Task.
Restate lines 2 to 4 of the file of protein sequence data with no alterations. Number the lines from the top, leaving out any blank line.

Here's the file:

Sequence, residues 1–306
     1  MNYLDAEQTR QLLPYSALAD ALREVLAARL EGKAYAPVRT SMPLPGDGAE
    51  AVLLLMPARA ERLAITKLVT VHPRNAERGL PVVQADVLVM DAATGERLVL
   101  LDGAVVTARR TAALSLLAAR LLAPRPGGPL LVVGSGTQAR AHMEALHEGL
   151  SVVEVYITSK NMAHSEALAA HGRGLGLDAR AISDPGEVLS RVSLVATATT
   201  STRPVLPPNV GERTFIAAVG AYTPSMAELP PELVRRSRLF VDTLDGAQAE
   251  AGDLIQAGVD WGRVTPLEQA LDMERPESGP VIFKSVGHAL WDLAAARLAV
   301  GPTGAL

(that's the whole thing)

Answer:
     1  MNYLDAEQTR QLLPYSALAD ALREVLAARL EGKAYAPVRT SMPLPGDGAE
    51  AVLLLMPARA ERLAITKLVT VHPRNAERGL PVVQADVLVM DAATGERLVL
   101  LDGAVVTARR TAALSLLAAR LLAPRPGGPL LVVGSGTQAR AHMEALHEGL